Wednesday, May 25, 2005

LIfe of Pi by Yann Martel

My graduate workshop recently covered this novel, and I (and it appeared they) found it an ingenious novel of ideas. Interestingly, on first reading I really thought of this as an action novel. There are, after all, life or death stakes when you put a tiger and a boy on a lifeboat and set them adrift in the Pacific for 227 days. But on second reading, I realized that while there is an immediate tension to that scenario, it’s really a premise not a story. And for two hundred pages this is a first person novel with only one person (and a few animals) in scene. There is nobody for the narrator to speak with, little for him to react to, and little for him to do. And the reader knows from the start that the narrator survives—this is not one of those stories narrated by the dead—so the life or death stakes really aren’t so tense. As a result, Martel must find atypical ways of creating a sense of plot. One thing he does is use very short chapters, so that the reader feels as if she is moving forward quickly. Another is creating mini goals—fishing for the first time, building a raft, taming a tiger—and fulfilling them one by one. But the most interesting has to do with this being a novel of ideas...

Martel uses the first section of the novel, about a hundred pages, to establish our narrator—a teenager—as a thinker. He gives him expertise in zoology--his family runs a zoo--he makes him an expert swimmer, and he makes him a religious seeker in three religions. Because the first section of the novel is set on land and peopled by many characters, Martel can use conventional means—scene, dialogue, new characters, action and reaction—to hook the reader. So the hook for the novel—which you might think would be the concept (boy and tiger in lifeboat) is actually a conventional hook—a really compelling character who the reader wants to hear about. Then because of who this narrator is (as established in section one), Martel can do a lot of point of view work (our narrator thinking about this and that) in section two and get away with it.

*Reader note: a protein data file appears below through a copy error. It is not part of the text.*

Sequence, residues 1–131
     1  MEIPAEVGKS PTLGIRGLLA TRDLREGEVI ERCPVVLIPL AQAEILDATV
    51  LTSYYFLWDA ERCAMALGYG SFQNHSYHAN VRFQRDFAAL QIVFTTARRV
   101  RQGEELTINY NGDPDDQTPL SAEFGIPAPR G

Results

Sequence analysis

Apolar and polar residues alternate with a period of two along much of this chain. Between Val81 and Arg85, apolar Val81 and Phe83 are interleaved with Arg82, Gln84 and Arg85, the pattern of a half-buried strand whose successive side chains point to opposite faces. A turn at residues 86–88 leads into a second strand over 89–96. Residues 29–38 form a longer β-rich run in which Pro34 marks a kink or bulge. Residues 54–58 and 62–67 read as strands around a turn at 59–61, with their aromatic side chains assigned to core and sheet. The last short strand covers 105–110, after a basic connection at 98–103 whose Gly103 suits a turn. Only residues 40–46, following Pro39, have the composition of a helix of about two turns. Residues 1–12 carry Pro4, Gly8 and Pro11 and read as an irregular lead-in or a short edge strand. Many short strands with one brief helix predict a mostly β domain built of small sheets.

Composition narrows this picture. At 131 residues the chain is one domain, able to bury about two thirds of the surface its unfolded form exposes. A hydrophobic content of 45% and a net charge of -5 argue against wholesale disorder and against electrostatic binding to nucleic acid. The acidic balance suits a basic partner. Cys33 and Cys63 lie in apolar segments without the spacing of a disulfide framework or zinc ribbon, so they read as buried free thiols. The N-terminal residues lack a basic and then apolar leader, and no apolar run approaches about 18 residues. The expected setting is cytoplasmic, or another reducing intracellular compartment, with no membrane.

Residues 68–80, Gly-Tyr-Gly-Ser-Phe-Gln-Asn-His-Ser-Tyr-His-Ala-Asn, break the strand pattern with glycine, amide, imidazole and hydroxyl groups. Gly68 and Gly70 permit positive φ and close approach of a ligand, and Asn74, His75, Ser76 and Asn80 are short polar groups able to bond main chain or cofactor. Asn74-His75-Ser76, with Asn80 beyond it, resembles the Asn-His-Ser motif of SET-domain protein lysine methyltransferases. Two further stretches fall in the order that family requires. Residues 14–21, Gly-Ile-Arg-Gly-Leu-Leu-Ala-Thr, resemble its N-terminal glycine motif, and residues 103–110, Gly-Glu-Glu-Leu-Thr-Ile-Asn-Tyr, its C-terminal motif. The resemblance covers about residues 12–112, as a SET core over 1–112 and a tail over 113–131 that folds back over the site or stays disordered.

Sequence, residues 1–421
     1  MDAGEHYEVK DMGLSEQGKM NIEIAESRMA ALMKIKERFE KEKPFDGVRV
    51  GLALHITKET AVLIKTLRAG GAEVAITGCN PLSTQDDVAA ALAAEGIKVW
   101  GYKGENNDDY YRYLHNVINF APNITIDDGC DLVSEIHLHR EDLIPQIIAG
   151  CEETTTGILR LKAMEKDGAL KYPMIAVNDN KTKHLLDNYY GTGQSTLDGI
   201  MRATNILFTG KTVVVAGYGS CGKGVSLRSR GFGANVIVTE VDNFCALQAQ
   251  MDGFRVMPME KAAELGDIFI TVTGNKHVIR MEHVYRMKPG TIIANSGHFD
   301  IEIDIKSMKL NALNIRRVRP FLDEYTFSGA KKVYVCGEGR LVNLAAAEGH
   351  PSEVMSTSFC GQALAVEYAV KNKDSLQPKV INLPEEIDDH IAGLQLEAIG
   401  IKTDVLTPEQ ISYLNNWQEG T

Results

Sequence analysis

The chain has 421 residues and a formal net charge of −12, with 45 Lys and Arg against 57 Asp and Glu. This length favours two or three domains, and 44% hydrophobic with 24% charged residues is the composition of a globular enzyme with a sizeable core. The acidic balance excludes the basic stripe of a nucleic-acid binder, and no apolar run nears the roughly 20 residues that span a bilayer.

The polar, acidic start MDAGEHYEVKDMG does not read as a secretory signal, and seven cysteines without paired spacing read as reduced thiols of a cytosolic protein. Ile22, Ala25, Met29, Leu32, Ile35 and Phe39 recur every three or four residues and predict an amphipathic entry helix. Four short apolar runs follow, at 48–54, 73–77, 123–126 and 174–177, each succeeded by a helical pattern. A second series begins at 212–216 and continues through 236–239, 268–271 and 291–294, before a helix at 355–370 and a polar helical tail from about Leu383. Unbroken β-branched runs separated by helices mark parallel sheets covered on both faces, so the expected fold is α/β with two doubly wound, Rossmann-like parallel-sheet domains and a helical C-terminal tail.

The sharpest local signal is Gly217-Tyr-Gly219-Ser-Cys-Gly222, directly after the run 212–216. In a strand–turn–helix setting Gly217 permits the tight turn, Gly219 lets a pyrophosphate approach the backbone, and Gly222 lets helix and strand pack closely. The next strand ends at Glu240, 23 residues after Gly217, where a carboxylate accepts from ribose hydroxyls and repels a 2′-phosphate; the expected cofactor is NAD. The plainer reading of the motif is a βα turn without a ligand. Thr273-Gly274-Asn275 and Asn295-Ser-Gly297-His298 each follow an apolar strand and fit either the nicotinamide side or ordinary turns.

What elevates this from a good novel to a great novel, however, is section three, where back on land our narrator is visited by two fairly comic Japanese insurance men who question his story. There Martel nearly falls into a surprise twist ending but recovers magnificently when he leaves the reader up in the air as to what has really happened, so that the book becomes not just a meditation on faith but one on storytelling.

One of my students, who attended a summer workshop in St. Petersburg, Russia said an editor at Harcourt told their group that the novel was published because one editor really fought for it—literally staking his job on its success. This kind of story makes some people bemoan the state of publishing, but it actually gives me hope. Write a book this good and someone will stake their job on it.

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